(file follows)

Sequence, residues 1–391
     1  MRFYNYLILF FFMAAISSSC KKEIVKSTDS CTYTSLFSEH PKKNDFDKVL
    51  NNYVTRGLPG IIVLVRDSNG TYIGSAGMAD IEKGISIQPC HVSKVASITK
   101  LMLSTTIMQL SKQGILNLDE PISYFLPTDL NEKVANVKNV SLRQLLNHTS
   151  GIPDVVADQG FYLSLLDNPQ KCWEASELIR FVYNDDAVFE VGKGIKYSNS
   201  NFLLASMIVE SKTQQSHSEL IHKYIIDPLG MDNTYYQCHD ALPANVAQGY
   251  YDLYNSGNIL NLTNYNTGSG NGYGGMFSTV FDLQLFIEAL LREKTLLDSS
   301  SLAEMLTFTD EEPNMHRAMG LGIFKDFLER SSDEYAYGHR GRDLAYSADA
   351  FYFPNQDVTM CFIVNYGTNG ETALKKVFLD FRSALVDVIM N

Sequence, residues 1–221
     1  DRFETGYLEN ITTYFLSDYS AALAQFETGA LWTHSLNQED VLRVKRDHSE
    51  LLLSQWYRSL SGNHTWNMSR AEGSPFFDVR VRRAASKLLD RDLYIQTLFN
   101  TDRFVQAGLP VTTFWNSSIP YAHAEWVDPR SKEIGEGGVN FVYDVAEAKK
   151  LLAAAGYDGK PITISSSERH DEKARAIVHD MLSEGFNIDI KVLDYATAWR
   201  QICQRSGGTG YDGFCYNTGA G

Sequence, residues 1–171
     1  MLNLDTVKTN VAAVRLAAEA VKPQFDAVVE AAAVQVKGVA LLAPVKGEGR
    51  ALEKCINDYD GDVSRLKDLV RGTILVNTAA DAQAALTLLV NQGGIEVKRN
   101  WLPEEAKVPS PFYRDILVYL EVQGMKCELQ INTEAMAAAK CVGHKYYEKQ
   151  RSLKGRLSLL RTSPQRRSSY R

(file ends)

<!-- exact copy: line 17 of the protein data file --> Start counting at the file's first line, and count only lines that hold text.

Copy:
     1  MLNLDTVKTN VAAVRLAAEA VKPQFDAVVE AAAVQVKGVA LLAPVKGEGR